EAST BAY

As in Contra Costa County, home prices in the East Bay reached a yearly high in April, climbing to $1,260,000. Homes in the region continued to command the largest premiums in the Bay Area, an average of 117.5 percent of original price.

Click the image to the right to see these and other East Bay market statistics for April.

Defining the East Bay: Our real estate markets in the East Bay region include Oakland ZIP codes 94602, 94609, 94610, 94611, 94618, 94619, and 94705; Alameda; Albany; Berkeley; El Cerrito; Kensington; and Piedmont. Sales data in the adjoining chart includes single-family homes in these communities.

MARIN COUNTY

Marin County‘s median sales price rose to $1,395,000 last month, up by 2.8 percent from the previous April. There were 518 homes listed for sale during the month, an annual decline of 9.0 percent.

Click the image to the right to see these and other Marin County market statistics for April.

Defining Marin County: Our real estate markets in Marin County include the cities of Belvedere, Corte Madera, Fairfax, Greenbrae, Kentfield, Larkspur, Mill Valley, Novato, Ross, San Anselmo, San Rafael, Sausalito, and Tiburon. Sales data in the adjoining chart includes single-family homes in these communities.

NAPA COUNTY

Napa County was the only Bay Area region to see the median sales price decline from April 2017, falling by 1.1 percent to $670,000. Buyers continue to receive slight discounts, with the average home selling for 96.1 percent of asking price.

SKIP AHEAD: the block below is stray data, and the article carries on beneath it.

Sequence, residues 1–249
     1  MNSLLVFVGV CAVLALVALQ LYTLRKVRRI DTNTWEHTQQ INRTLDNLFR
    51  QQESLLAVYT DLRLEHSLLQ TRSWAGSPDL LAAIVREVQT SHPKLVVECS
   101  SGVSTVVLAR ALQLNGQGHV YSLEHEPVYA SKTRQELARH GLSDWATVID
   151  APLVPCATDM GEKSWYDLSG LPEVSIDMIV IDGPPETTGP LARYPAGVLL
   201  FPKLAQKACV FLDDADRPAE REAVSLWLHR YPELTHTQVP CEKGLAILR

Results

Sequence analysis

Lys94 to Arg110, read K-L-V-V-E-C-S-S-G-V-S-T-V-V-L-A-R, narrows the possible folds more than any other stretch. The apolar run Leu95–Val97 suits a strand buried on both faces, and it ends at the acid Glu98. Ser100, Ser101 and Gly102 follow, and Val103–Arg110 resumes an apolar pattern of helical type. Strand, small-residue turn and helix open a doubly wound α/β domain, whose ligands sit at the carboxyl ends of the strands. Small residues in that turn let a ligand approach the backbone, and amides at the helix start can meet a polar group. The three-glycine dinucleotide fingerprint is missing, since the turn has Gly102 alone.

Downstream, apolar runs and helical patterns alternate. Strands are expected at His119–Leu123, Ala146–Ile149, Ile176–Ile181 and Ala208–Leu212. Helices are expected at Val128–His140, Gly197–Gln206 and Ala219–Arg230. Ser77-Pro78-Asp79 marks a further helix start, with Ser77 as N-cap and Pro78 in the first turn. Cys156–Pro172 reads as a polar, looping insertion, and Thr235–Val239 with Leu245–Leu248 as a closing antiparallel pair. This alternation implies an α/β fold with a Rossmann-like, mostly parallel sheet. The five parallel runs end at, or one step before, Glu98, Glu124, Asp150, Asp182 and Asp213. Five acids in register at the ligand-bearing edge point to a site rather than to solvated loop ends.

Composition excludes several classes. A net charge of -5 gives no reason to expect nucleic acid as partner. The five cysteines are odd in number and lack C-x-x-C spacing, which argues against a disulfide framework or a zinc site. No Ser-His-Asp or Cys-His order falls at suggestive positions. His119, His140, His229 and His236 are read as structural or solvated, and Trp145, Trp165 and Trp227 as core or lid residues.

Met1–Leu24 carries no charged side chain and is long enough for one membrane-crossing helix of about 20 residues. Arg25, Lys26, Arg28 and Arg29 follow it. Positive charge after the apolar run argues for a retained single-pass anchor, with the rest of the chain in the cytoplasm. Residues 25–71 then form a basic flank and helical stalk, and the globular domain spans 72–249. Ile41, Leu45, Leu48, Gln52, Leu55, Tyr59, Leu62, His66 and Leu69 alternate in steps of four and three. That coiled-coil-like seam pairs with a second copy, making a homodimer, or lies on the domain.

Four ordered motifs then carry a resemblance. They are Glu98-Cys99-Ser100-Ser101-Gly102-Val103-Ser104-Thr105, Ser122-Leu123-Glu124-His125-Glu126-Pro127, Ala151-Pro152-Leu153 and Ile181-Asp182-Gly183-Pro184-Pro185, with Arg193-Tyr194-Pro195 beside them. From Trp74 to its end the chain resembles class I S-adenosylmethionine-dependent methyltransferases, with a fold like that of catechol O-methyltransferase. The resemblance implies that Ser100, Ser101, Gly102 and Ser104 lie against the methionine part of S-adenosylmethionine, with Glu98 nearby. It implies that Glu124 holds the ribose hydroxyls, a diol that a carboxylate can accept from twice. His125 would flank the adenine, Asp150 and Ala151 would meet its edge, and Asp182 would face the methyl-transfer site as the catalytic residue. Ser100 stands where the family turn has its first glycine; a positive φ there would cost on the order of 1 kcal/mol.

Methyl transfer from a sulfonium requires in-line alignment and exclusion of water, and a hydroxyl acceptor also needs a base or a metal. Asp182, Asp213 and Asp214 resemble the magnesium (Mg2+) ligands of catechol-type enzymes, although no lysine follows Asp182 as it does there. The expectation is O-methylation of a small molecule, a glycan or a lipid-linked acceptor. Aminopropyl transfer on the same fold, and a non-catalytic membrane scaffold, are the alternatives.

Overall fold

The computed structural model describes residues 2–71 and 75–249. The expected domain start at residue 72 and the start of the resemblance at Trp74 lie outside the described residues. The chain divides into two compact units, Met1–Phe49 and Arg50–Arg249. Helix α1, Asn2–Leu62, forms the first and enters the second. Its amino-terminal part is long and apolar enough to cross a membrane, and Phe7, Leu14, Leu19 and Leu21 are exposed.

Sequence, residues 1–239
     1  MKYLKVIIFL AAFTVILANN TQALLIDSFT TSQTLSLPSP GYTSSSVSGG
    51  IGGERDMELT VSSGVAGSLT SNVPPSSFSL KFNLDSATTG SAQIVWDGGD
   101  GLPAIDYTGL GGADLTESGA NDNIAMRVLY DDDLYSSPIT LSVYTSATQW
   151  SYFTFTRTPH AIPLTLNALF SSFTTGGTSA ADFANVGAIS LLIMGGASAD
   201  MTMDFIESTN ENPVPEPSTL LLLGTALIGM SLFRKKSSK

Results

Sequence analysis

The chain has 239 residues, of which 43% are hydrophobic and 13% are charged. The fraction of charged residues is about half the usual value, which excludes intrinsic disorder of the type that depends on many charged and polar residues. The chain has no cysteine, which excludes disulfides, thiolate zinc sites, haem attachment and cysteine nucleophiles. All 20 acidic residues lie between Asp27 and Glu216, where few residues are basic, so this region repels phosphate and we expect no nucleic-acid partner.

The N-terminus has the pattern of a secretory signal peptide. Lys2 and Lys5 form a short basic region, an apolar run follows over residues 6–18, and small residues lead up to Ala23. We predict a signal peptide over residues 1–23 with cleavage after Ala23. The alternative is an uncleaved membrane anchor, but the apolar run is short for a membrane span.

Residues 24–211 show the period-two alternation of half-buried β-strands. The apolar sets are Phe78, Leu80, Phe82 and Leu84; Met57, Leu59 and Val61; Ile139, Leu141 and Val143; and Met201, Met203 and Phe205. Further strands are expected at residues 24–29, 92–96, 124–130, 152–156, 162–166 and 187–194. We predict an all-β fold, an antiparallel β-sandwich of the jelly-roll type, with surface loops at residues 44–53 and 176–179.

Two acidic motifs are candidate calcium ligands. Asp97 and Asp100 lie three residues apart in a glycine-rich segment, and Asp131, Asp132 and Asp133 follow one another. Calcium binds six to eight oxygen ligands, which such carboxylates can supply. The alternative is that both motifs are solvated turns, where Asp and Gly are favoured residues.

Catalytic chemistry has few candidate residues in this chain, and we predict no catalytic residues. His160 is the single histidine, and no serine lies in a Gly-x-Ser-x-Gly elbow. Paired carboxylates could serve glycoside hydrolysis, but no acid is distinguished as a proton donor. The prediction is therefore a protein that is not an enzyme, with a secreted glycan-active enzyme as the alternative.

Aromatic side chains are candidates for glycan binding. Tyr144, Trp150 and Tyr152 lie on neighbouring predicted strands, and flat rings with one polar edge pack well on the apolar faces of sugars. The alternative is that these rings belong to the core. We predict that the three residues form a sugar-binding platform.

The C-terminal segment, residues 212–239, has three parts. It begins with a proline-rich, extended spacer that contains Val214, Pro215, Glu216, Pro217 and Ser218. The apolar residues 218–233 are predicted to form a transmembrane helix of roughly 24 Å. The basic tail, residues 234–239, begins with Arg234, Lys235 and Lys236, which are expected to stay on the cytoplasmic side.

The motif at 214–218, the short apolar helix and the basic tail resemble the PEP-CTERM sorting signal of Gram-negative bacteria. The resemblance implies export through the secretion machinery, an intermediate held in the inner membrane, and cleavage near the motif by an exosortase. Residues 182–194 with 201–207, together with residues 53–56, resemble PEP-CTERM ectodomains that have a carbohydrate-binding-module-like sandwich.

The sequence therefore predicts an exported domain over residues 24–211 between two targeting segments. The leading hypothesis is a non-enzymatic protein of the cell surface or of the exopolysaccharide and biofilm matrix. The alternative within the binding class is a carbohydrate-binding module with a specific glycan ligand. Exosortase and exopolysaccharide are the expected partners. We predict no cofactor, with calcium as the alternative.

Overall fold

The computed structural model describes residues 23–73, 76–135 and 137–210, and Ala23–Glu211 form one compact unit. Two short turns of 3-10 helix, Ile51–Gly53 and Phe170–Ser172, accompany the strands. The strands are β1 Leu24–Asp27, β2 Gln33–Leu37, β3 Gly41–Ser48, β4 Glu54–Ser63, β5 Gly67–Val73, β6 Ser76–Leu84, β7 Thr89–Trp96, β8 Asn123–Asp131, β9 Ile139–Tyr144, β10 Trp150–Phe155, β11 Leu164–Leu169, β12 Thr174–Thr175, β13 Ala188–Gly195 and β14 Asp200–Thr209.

Click the image to the right to see these and other Napa County market statistics for April.

Defining Napa County: Our real estate markets in Napa County include the cities of American Canyon, Angwin, Calistoga, Napa, Oakville, Rutherford, St. Helena, and Yountville. Sales data in the adjoining chart includes all single-family homes in Napa County.

SAN FRANCISCO – SINGLE-FAMILY HOMES

While April’s median sales price for a single-family home in San Francisco was down from the previous two months, at $1,650,000, it grew by nearly 20 percent year over year. Homes sold for an average of 110.7 percent of original price, similar to premiums recorded over the previous 12 months.

Click the image to the right to see these and other San Francisco single-family home market statistics for April.

Defining San Francisco: Sales data in the adjoining chart includes single-family homes in San Francisco County.

SAN FRANCISCO – CONDOMINIUMS

The median sales price for a San Francisco condominium ended April at $1,250,000, an annual gain of 13.6 percent. The number of units for sale moved in the opposite direction, falling by 12.4 percent from April 2017.

Click the image to the right to see these and other San Francisco condominium market statistics for April.

Defining San Francisco: Sales data in the adjoining chart includes all condominiums in San Francisco County.

SILICON VALLEY

Silicon Valley continues to enjoy robust appreciation, with the median $3,500,000 sales price up by 18.5 percent year over year. Homes sold for an average of $1,475 per square foot, the highest in the Bay Area.

Click the image to the right to see these and other Silicon Valley market statistics for April.

Defining Silicon Valley: Our real estate markets in Silicon Valley include the cities and towns of Atherton, Los Altos (excluding county area), Los Altos Hills, Menlo Park (excluding east of U.S. 101), Palo Alto, Portola Valley, and Woodside. Sales data in the adjoining chart includes all single-family homes in these communities.

Mid-Peninsula Subregion

The median sales price in the Mid-Peninsula rose by 30.0 percent year over year, ending April at $2,250,000. The Mid-Peninsula was one of two Bay Area regions to post annual supply improvements, with inventory increasing by 3.6 percent.